ANNE WANNER'S Textiles in History   /  book reviews, articles

 
  John Shepley (1575-1631), Embroiderer to the
High and Mighty Prince Charles, Prince of Wales

in: Textile History, 32 (2), p. 133-155, 2001

by: Patricia Wardle

in english, p. 133 - 155,
3 black and white photos  


 
  In the 17th c. all professional embroiderers were men. A good deal of their work to three Stuart kings James I, Charles I and Charles II is known, but very little actually survives.
The article deals with the embroidery and the conditions under which it was carried out, to be found in the accounts of Charles I as Prince of Wales.

The Prince of Wales position required a grand setting, a portrait shows him in an ermine-lined cloak with the insigna of the Order of the Garter, seated on a throne under a cloth of state embroidered with coats of arms. A table is covered with a border of gold embroidery and gold fringe.

When Charles was Prince of Wales, embroidered clothes for men were no longer fashionable. The Princes requirements in respect of hunting and tilting at the ring were more significant. Accounts contain the expenses for a Tilt in May 1621. Charles ordered new outfits for himself and his entourage.
In 1623 the Prince travelled to Spain to win the hand of the Infanta Maria, daughter of Philipp II (1587-1621). After his arrival in Spain he discovered that he was ill-equipped for the court life there and he sent home for supplies.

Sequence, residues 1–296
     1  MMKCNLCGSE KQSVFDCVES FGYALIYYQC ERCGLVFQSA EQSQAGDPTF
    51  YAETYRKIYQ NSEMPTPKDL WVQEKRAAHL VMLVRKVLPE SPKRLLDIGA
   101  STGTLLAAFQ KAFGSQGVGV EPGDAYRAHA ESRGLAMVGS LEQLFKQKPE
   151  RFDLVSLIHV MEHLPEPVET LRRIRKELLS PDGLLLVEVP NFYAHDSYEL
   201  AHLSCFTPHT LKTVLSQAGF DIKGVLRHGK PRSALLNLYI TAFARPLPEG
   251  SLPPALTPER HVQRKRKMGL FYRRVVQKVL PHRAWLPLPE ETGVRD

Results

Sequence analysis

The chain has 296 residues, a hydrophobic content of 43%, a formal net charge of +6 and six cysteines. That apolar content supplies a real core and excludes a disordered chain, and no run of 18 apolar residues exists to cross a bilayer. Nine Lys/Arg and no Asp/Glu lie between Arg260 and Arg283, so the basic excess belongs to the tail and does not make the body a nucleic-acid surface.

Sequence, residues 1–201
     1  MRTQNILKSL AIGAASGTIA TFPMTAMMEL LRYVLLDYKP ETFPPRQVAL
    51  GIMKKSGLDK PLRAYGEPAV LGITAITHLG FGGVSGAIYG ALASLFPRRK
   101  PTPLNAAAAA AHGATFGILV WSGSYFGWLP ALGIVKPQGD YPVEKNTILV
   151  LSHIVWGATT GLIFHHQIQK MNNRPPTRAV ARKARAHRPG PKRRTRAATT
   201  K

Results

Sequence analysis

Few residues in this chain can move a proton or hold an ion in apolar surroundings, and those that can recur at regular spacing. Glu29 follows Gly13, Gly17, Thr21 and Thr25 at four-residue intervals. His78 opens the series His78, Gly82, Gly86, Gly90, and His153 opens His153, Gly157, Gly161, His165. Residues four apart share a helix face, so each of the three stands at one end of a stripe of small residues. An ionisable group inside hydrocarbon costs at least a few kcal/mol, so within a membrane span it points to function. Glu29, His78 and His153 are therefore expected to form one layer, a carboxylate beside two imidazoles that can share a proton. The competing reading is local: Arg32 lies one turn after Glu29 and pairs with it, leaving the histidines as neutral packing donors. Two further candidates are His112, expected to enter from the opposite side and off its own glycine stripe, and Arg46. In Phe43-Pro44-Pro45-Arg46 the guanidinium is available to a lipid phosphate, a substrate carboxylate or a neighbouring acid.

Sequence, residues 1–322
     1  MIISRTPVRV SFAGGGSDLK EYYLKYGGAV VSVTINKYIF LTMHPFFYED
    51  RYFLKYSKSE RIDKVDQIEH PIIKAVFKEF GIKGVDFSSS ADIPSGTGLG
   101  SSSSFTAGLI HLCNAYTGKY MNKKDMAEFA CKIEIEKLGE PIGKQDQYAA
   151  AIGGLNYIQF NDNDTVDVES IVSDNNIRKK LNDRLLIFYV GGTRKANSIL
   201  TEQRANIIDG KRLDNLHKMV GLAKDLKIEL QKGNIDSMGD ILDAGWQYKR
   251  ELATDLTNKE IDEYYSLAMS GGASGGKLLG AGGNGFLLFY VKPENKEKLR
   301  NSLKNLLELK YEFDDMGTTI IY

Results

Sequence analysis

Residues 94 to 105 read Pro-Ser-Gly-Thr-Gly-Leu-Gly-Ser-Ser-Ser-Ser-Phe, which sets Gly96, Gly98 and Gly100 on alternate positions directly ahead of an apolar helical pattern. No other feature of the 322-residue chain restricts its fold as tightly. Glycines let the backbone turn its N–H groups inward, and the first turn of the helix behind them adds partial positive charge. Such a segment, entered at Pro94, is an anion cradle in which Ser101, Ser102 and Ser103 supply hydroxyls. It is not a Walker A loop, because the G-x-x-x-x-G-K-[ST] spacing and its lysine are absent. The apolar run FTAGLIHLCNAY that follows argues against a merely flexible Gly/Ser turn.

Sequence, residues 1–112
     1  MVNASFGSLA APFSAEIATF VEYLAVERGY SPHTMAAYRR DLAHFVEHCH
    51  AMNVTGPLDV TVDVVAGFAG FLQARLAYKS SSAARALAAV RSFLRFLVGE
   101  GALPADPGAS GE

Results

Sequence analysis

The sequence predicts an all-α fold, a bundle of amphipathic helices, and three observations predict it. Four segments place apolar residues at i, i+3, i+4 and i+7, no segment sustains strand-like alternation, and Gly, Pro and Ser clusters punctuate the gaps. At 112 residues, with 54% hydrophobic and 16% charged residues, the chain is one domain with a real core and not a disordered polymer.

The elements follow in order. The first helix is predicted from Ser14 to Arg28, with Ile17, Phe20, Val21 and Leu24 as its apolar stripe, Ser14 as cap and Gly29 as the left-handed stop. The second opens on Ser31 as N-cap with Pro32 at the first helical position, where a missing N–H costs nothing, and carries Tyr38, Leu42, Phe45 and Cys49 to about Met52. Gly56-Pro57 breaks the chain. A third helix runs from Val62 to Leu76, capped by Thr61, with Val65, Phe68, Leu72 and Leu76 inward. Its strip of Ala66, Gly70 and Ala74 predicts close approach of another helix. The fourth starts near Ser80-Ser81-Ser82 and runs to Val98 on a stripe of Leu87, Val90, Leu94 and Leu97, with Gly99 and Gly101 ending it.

Charles as Prince of Wales,
by Daniel Mytens and Hendrick van Steenwyck
the Younger, around 1619-20,
Statens Museum for Kunst, Copenhagen
(photograph by Hans Petersen)

  3 expensive embroidered suits were sent to Spain. The first involved 83 embroiderers working for 6 days and 74 for 5 nights. The second and the third had 84 for 6 days and 48 for 6 nights, they cost around 300 a piece. Moreover the Prince sent for tilting furnitures. This huge job had to be worked in haste. He wanted a pavilion to rest after running, which had to match with his new tilting set. The cost amounted to 881.16.1.

From the accounts of Charles, the embroiderer John Shepley emerges as a supremely practical man, who knew how to command a huge company of embroiderers to carry out large or urgent orders. His detailed accounts provide a unique glimpse of life in a 17th c. royal workshop.
John Shepley was born in October 1575 as son of a rector of Newbury in Berkshire. John Parr had been embroiderer to Elizabeth I and later he worked for King James. After Parrs death in 1607, Shepley was one of the 4 signatories to his will. William Broderick (1558-1621) signed the will also and he succeeded Parr. Shepley, whose wife was Brodericks daughter Margaret, might have been apprenticed either to Parr or to Broderick. In 1615 Margaret died and she left Shepley with 5 children.

William Broderick, by an unknown artist, dated 1614,
London Borough of Wandsworth

  Shepley, as embroiderer to the Prince of Wales first worked together with Edmund Harrison. In 1625 Charles I appears to have granted the post of embroiderer to Edmund Harrison alone.

5 Appendices are published
in the end of the article:

I - Accounts for masque costumes
II - Extract of expenses for the Tilt in May 1621
III- John Shepleys bills for three embroidered suits
IV - John Shepleys bills for the tilting pavilion made for Prince Charles to use in Spain in 1623
V - John Shepley's will

Robert Devereux, 2nd Earl of Essex, by Nicolas Hilliard, c. 1595, National Portrait Gallery, London

     

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